Take the 2-minute tour ×
Mathematics Stack Exchange is a question and answer site for people studying math at any level and professionals in related fields. It's 100% free, no registration required.

What is the variance of the sample variance? In other words I am looking for $\mathrm{Var}(S^2)$.

I have started by expanding out $\mathrm{Var}(S^2)$ into $E(S^4) - [E(S^2)]^2$

I know that $[E(S^2)]^2$ is $\sigma$ to the power of 4. And that is as far as I got.

share|improve this question
    
Your expressions are very difficult to read. You need to edit and present your question in a better way. –  smanoos Oct 16 '11 at 4:44
1  
One way of expressing $Var(S^2)$ is given on the Wikipedia page for variance. –  Mike Spivey Oct 16 '11 at 4:50
    
It doesn't show how they derived it. –  MathMan Oct 16 '11 at 4:51
    
The solution to the question is in many books. You can easily find it. –  smanoos Oct 16 '11 at 5:17
    
There is a derivation on MathWorld's Sample Variance Distribution page. They use the "divide by $N$" convention rather than the "divide by $N-1$" convention, though, so you might have to adjust for that. –  Mike Spivey Oct 16 '11 at 5:39

4 Answers 4

up vote 12 down vote accepted

Maybe, this will help. Let's suppose the samples are taking from a normal distribution. Then using the fact that $\frac{(n-1)S^2}{\sigma^2}$ is a chi squared random variable with $(n-1)$ degrees of freedom, we get $$\begin{align*} \text{Var}~\frac{(n-1)S^2}{\sigma^2} & = \text{Var}~\chi^{2}_{n-1} \\ \frac{(n-1)^2}{\sigma^4}\text{Var}~S^2 & = 2(n-1) \\ \text{Var}~S^2 & = \frac{2(n-1)\sigma^4}{(n-1)^2}\\ & = \frac{2\sigma^4}{(n-1)}, \end{align*}$$

where we have used that fact that $\text{Var}~\chi^{2}_{n-1}=2(n-1)$.

Hope this helps.

share|improve this answer
3  
Remember that $(n-1)S^2/\sigma^2$ is only guaranteed to be $\chi^2$ when the sample is taken from a normal distribution, though. –  Mike Spivey Oct 16 '11 at 6:09
    
Thanks Mike. I've edited my answer to reflect what you said in your comment. –  Nana Oct 16 '11 at 6:15
    
The question posed is a general one, whereas the answer is distribution-specific. Not appropriate, I am afraid. –  wolfies Apr 26 '13 at 7:49
    
@afsdfdfsaf Perhaps, you should ask that as a separate question. –  Nana Apr 12 at 18:48

The best way to understand what the variance of a sample looks like is to derive it from scratch.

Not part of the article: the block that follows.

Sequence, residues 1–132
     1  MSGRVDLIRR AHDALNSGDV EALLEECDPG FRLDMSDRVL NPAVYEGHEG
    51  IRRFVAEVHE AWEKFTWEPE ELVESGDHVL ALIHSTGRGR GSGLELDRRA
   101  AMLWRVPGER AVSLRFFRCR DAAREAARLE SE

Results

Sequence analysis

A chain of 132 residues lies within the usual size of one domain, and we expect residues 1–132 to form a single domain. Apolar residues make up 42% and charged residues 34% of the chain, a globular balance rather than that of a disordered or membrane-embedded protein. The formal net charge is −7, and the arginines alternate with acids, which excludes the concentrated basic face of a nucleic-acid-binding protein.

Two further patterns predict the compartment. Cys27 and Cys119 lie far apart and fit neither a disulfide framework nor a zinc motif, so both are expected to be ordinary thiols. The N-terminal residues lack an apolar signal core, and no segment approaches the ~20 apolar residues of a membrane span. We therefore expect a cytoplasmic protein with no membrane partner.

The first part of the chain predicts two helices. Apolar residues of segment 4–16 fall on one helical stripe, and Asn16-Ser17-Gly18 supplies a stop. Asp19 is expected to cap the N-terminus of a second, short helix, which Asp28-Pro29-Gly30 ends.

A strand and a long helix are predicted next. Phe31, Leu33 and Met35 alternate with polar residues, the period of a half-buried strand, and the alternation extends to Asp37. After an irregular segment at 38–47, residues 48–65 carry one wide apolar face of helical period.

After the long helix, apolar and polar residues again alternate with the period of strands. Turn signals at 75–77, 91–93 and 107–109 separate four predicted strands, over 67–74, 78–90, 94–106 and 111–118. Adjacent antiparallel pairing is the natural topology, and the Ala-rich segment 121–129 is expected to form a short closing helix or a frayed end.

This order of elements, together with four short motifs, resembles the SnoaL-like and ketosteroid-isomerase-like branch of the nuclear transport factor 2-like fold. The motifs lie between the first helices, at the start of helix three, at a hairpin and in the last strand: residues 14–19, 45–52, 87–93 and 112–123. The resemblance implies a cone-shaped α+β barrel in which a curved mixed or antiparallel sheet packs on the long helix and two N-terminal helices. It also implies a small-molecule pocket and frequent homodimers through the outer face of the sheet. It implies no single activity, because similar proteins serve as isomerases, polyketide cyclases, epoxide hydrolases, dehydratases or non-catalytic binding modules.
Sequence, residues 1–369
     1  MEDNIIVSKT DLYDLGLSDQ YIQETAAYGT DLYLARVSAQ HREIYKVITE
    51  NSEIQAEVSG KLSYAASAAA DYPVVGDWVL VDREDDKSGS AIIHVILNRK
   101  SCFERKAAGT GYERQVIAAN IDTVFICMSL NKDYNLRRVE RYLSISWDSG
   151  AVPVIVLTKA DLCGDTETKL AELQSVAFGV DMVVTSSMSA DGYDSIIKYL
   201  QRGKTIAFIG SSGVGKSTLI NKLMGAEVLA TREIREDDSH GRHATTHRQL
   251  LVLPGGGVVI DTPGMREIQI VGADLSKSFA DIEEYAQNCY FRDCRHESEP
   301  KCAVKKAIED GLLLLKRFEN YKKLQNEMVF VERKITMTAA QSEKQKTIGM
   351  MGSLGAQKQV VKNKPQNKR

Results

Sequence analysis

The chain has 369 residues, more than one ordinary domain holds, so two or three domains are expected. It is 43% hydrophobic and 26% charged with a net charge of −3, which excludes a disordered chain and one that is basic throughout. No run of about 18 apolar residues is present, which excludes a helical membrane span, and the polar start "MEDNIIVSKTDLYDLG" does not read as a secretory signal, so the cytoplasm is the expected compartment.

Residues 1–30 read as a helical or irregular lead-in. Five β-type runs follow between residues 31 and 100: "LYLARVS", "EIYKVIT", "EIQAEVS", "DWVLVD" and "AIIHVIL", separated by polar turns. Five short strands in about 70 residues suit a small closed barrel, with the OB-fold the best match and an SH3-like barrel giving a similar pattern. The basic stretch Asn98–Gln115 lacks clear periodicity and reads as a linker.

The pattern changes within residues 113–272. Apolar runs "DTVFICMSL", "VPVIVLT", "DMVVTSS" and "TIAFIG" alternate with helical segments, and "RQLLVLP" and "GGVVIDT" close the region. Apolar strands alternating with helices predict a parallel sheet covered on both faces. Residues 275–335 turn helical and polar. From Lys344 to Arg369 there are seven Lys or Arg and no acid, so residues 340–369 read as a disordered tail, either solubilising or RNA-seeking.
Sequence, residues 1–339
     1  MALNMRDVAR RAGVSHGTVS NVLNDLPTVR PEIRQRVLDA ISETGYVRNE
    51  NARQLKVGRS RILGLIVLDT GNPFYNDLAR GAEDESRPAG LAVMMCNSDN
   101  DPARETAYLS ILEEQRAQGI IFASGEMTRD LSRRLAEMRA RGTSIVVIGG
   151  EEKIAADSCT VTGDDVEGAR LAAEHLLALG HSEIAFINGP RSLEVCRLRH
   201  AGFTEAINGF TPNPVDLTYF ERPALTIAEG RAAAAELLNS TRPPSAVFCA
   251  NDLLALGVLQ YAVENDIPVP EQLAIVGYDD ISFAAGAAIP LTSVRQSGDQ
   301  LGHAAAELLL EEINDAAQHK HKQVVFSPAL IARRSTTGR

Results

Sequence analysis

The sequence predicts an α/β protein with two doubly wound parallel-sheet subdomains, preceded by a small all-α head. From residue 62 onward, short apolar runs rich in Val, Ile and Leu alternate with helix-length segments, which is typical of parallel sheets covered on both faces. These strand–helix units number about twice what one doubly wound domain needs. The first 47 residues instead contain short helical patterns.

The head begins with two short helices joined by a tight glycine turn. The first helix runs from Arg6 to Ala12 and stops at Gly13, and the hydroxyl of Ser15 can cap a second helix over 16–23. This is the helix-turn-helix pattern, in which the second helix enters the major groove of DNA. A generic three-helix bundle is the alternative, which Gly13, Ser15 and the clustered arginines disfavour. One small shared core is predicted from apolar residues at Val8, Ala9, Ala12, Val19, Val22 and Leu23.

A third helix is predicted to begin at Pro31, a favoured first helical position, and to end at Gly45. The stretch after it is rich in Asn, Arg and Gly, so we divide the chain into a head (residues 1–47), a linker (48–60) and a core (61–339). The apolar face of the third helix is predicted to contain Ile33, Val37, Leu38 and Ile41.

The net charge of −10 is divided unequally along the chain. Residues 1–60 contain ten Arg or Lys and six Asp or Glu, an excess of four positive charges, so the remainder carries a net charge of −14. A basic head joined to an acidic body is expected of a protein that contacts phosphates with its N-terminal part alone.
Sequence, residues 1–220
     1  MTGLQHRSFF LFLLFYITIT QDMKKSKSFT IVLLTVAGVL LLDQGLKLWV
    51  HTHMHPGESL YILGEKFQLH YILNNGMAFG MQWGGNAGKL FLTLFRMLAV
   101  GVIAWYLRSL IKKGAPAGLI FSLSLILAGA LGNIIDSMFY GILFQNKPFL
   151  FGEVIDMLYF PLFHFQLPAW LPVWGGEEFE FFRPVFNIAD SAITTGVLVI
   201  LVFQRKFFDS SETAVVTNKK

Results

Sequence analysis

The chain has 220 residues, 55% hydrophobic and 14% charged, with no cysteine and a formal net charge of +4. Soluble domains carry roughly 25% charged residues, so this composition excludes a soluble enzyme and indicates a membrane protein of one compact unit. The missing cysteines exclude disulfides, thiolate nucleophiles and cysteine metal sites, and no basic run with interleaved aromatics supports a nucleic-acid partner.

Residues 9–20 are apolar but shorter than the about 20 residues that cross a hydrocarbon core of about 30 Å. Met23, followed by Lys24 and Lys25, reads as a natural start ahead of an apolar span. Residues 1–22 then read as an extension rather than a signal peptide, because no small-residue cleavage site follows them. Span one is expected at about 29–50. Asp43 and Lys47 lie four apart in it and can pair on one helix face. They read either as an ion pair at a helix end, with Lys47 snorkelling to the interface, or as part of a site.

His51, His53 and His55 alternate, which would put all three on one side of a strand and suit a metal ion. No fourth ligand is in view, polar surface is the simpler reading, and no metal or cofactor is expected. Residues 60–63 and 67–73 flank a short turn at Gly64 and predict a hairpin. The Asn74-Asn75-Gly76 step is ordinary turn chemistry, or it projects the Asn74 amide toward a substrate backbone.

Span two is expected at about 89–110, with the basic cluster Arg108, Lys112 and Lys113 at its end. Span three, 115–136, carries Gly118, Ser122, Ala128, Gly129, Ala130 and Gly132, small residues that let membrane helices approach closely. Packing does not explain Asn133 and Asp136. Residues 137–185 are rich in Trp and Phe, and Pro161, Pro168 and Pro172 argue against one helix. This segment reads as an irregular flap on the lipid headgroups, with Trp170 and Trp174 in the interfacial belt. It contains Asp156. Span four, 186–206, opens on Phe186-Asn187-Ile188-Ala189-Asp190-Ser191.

On the following site you will find the complete derivation (it goes over 70 steps) of the sample variance. It takes a bit of time to fully understand how it is working, but if one goes over the whole derivation several times it becomes quite clear.

You will also understand better, why the proposed sample variance estimator is unbiased.

http://economictheoryblog.wordpress.com/2012/06/28/latexlatexs2/

share|improve this answer

There can be some confusion in defining the sample variance ... 1/n vs 1/(n-1). The OP here is, I take it, using the sample variance with 1/(n-1) ... namely the unbiased estimator of the population variance, otherwise known as the second h-statistic:

h2 = HStatistic[2][[2]] 

These sorts of problems can now be solved by computer. Here is the solution using the mathStatica add-on to Mathematica. In particular, we seek the Var[h2], where the variance is just the 2nd central moment, and express the answer in terms of central moments of the population:

CentralMomentToCentral[2, h2] 

We could just as easily find, say, the 4th central moment of the sample variance, as:

CentralMomentToCentral[4, h2]

share|improve this answer

Here's a general derivation that does not assume normality.

Let's rewrite the sample variance $S^2$ as an average over all pairs of indices: $$S^2={1\over{n\choose 2}}\sum_{\{i,j\}} {1\over2}(X_i-X_j)^2.$$ Since $\mathbb{E}[(X_i-X_j)^2/2]=\sigma^2$, we see that $S^2$ is an unbiased estimator for $\sigma^2$.

The variance of $S^2$ is the expected value of $$\left({1\over{n\choose 2}}\sum_{\{i,j\}} \left[{1\over2}(X_i-X_j)^2-\sigma^2\right]\right)^2.$$

When you expand the outer square, there are 3 types of cross product terms $$\left[{1\over2}(X_i-X_j)^2-\sigma^2\right] \left[{1\over2}(X_k-X_\ell)^2-\sigma^2\right]$$ depending on the size of the intersection $\{i,j\}\cap\{k,\ell\}$.

  1. When this intersection is empty, the factors are independent and the expected cross product is zero.

  2. There are $n(n-1)(n-2)$ terms where $|\{i,j\}\cap\{k,\ell\}|=1$ and each has an expected cross product of $(\mu_4-\sigma^4)/4$.

  3. There are ${n\choose 2}$ terms where $|\{i,j\}\cap\{k,\ell\}|=2$ and each has an expected cross product of $(\mu_4+\sigma^4)/2$.

Putting it all together shows that $$\mbox{Var}(S^2)={\mu_4\over n}-{\sigma^4\,(n-3)\over n\,(n-1)}.$$ Here $\mu_4=\mathbb{E}[(X-\mu)^4]$ is the fourth central moment of $X$.

share|improve this answer
1  
a related question on stats.SE asks provides a different solution, and asks for a reference, your input would be appreciated: stats.stackexchange.com/q/29905/2750 –  Abe Jun 6 '12 at 16:56
    
@Abe Sorry, I don't have any references or worthwhile input. The above is a solution that I made up to teach my students. –  Byron Schmuland Jun 6 '12 at 19:07
1  
thanks, an answer to the stats.SE question solved my confusion: the discrepancy was use of kurtosis ($\mu_4$, the fourth central moment) vs excess kurtosis ($\kappa = \frac{\mu_4}{\sigma^4} -3$); one reference is Mood Graybill and Boes, 1974, Introduction to the Theory of Statistics –  Abe Jun 6 '12 at 22:39

Your Answer

 
discard

By posting your answer, you agree to the privacy policy and terms of service.

Not the answer you're looking for? Browse other questions tagged or ask your own question.